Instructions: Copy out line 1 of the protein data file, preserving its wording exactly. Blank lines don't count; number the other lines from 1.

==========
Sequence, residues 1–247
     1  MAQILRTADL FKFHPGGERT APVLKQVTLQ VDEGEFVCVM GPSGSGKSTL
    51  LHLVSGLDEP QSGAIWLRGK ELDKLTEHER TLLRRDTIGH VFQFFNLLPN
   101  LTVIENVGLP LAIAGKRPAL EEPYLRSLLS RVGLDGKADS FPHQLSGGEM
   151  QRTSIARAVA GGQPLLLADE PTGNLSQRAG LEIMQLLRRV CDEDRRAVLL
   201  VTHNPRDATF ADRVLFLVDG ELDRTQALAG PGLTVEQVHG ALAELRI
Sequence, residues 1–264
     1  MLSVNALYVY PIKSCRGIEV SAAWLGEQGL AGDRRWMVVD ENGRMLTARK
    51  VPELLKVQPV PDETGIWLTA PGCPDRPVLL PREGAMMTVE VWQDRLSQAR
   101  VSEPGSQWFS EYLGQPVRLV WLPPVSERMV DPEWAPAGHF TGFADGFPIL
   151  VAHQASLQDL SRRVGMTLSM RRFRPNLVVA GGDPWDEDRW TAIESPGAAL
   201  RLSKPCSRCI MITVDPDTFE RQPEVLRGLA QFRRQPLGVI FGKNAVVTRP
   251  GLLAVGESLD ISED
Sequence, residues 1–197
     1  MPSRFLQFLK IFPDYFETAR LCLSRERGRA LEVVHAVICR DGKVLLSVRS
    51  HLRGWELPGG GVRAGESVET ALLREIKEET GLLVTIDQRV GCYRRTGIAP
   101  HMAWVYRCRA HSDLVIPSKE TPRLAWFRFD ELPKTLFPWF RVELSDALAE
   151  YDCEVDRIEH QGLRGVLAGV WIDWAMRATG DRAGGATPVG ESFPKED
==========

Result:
Sequence, residues 1–247